If you’ve got the infection early, peel a clove of garlic and of an evening just prior to bed, insert it into your vagina. If you feel nervous about losing it or having difficulty retrieving it, grab a pin and thread a piece of cotton through it first. Leave it there overnight. In the morning, remove it and discard (I'm resisting the urge for culinary humour at this moment).

An interesting and kind of fascinating point to note! Almost as soon as you insert the clove you will taste garlic in your mouth – yes, your mouth! It’s the oddest thing but a good reason to carry out this remedy of an evening.

3. Garlic and turmeric ‘pills’

Every morning and night I’d chop up a half garlic clove and a small slice of turmeric into the size of pills and drink them down with water (no chewing required). Medicine, just as nature intended it. Read more about the incredible powers of turmeric here.

4. Avoid soap!

Oh the things I’ve read about women’s need to scrub their nether regions clean!

Ladies, please leave them alone! Vaginas are self-cleaning wonders; they shouldn’t require soaps, douches and sprays to make you feel clean and smell pretty.

We don't make friends with soap. Image: iStock

To be healthy your vagina needs to sit at a pH of 3.8 to 4.5 – soaps can wreak havoc with your pH. Acidic vaginas leave you more prone to infections, like thrush.

Please know this, if you are healthy ‘down there’, you shouldn’t ever smell ‘bad’, you should simply smell like a woman. Embrace it.

5. Essential oils.

This section could become a post on it’s own so I’ll simply say this; I went nuts. I bought veggie caps and made my own oily capsules, taking them twice a day. Oregano, lemon, tea tree, frankincense, cinnamon.. you name it they went down (my mouth). It’s fiddly but it was worth it because there is a plethora of research about the merits of pure essential oils. But more on that another day.

6. Coconut oil and tea tree tampon suppository.

A coconut oil lover I am, and combined with tea tree oil it becomes quite the potent thrush fighter! Drop 3 or so drops into a little melted coconut oil and let a tampon soak the goodness right up. Insert (by now I shouldn’t need to tell you where).

Beware: don’t ever consider tea tree oil on it’s own in this region!

Yet another use for coconut oil. Image: iStock

7. Yoghurt suppository

This one you’ve of course already heard about I’m sure. You’re looking for the active good bacteria in yoghurt, lactobacillus. So whether you’re devouring it by the spoonful or dipping a tampon in it, maybe it’s worth a whirl? Some now say it’s a medical myth.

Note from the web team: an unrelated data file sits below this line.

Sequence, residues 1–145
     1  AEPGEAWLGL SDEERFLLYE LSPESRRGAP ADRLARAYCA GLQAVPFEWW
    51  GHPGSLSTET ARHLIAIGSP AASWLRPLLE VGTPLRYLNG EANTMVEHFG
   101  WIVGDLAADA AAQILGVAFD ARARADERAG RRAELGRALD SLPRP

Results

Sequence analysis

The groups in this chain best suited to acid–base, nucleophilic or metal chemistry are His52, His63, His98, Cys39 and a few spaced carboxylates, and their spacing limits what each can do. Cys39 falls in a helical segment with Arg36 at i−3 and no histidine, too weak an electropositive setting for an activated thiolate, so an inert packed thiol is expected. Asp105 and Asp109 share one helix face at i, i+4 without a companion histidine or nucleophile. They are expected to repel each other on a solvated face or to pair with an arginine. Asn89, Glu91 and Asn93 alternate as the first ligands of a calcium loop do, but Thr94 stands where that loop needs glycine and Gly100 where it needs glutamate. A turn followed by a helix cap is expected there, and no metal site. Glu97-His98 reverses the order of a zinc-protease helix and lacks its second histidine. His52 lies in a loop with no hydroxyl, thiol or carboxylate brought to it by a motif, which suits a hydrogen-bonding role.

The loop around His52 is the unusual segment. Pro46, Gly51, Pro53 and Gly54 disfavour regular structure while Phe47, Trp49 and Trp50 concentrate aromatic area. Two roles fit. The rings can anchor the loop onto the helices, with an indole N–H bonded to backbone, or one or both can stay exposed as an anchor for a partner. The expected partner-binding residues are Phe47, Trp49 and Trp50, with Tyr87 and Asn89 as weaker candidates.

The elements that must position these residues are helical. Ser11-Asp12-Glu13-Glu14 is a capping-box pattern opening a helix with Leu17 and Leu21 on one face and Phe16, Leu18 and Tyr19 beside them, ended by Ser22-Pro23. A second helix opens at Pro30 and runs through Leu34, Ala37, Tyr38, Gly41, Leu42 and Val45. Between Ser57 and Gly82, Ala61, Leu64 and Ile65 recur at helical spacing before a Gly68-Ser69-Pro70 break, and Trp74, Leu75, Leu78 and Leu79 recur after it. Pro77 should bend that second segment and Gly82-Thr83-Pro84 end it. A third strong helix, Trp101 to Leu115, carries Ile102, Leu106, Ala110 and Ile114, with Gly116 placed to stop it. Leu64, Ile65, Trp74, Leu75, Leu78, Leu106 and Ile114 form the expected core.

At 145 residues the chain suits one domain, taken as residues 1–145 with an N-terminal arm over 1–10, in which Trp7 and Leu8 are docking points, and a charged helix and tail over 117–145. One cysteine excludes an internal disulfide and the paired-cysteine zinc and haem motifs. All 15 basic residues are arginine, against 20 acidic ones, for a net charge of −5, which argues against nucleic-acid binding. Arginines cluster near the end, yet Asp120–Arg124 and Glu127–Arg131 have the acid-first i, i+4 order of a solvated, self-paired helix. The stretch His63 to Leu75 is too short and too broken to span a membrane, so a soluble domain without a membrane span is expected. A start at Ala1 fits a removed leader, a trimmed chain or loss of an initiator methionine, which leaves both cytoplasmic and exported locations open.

8. The not-so home remedy remedies.

These included a powerful daily probiotic (which I still take) and yes, when times were particularly tough (or let's just say desperate), an over the counter thrush treatment cream.

The Candida diagnosis

So the journey continued, week after week, month after month. Other symptoms started to appear – brain fog, fatigue, difficulty concentrating, skin issues, bloating, cravings and a weird sense of anxiety that was new to me. Combined with the symptoms of thrush and UTIs it was decided (in consultation with my nutritionist and tests) that I was indeed presenting as having a Candida overgrowth (a fungal overgrowth, common symptoms of which are thrush and UTIs).

Surely Shirley if we could get that under control we would finally get my thrush and UTIs under control. Well you’d certainly bloody hope so wouldn’t you?

Here’s a quick and easy overview on Candida for those not in the know.

Clean undies always help too. Image: iStock

So what happened next?

I was put on a very strict diet to halt the yeast overgrowth, build the friendly bacteria and heal my gut. This involved moving to a very low carbohydrate diet, removing sweeteners of ANY kind, giving up alcohol, eliminating all fermented foods (bad bacteria feeds on these foods too), inhaling a bundle of supplements including Caprylic acid (which receives a lot of air time around yeasty matters) and then? Patience, and the crossing of fingers and toes, for 3-6 months.